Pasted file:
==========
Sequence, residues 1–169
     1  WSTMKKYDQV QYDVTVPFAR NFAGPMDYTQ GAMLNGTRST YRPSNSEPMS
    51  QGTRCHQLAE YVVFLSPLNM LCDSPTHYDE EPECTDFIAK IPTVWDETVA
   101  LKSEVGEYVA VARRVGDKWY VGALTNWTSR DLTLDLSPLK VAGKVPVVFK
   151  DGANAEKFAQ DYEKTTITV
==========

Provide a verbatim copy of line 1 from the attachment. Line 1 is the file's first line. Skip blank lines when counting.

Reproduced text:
Sequence, residues 1–169